Captain Killick, who had recently returned from active service in Greece, was venting his spleen following tensions with Dylan which included the relationship between Dylan and the Captain’s wife, Vera, with whom Dylan had grown up in Swansea.
The plan was commissioned from an Aberystwyth architect specifically for the court case. PC Islwyn Williams was the village ‘Bobby’ who investigated the incident and whose pencil notes appear on the reverse of the plan. These notes describe his observations at the scene – primarily the location of bullet holes.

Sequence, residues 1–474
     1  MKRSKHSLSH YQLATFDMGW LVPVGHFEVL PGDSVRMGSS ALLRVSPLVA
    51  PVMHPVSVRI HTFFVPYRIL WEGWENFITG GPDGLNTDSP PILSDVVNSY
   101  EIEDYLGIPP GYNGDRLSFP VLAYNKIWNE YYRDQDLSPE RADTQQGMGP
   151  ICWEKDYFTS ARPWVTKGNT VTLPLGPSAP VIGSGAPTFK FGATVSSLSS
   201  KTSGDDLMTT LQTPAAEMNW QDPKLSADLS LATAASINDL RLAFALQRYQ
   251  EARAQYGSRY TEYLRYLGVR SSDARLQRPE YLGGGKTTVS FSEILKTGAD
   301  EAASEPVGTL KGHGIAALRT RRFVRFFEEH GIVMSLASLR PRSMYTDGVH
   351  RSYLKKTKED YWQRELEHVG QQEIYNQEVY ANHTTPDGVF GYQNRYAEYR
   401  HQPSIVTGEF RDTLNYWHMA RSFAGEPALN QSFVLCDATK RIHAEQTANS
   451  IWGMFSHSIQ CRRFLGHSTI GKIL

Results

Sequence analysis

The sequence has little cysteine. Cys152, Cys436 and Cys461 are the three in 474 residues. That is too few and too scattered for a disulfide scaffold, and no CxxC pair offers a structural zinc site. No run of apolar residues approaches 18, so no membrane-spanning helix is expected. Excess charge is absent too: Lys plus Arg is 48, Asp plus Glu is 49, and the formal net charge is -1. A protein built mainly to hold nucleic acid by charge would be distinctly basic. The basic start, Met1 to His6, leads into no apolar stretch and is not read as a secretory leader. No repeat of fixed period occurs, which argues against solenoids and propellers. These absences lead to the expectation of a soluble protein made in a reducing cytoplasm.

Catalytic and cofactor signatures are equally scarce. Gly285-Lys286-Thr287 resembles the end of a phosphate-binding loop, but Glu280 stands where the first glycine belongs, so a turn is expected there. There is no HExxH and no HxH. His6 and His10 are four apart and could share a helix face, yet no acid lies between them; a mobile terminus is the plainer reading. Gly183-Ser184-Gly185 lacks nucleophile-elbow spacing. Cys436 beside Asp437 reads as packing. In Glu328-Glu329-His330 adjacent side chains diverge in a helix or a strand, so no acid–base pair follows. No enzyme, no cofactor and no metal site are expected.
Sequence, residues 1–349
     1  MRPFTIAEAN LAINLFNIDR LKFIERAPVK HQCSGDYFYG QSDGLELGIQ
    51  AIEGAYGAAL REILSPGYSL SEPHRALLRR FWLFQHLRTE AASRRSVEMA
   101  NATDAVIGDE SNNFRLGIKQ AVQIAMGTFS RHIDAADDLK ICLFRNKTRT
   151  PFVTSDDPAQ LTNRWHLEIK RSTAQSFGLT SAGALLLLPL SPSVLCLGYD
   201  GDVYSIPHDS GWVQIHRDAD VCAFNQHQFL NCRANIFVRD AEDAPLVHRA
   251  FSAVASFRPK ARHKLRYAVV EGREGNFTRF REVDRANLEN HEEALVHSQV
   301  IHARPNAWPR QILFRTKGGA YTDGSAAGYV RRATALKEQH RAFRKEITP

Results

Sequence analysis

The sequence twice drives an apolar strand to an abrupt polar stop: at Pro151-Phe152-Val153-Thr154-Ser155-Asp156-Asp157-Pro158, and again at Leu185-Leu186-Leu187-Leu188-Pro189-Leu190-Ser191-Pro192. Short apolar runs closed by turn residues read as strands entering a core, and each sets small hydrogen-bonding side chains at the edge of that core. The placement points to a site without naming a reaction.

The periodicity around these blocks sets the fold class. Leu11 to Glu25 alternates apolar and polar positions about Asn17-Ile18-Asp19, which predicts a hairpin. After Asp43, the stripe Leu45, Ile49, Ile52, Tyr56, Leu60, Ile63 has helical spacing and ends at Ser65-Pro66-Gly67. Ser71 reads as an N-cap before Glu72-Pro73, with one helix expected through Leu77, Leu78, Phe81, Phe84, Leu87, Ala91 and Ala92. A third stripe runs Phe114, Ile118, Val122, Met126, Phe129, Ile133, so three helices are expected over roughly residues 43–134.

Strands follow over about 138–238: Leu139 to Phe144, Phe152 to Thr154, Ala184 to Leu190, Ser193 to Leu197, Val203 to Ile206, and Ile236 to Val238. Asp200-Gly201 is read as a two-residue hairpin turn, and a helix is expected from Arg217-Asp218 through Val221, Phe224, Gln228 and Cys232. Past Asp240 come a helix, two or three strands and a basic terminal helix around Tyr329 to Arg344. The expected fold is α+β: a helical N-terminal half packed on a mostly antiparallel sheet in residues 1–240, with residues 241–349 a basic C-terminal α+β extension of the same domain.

Captain Killick was fortunate in being acquitted of all charges, including attempted murder. In both court and local community there had been some sympathy for the soldier who had survived several highly dangerous war missions behind enemy lines and indeed had been described by the SOE as having ‘an excellent operational record’.
On 26th October 1918, Stonehenge was given to the nation by its owner Cecil Chubb, who had purchased it three years earlier. The site had been put up for auction in 1915 following the death in the First World War of the only male heir of the family which had owned it since the 1820s.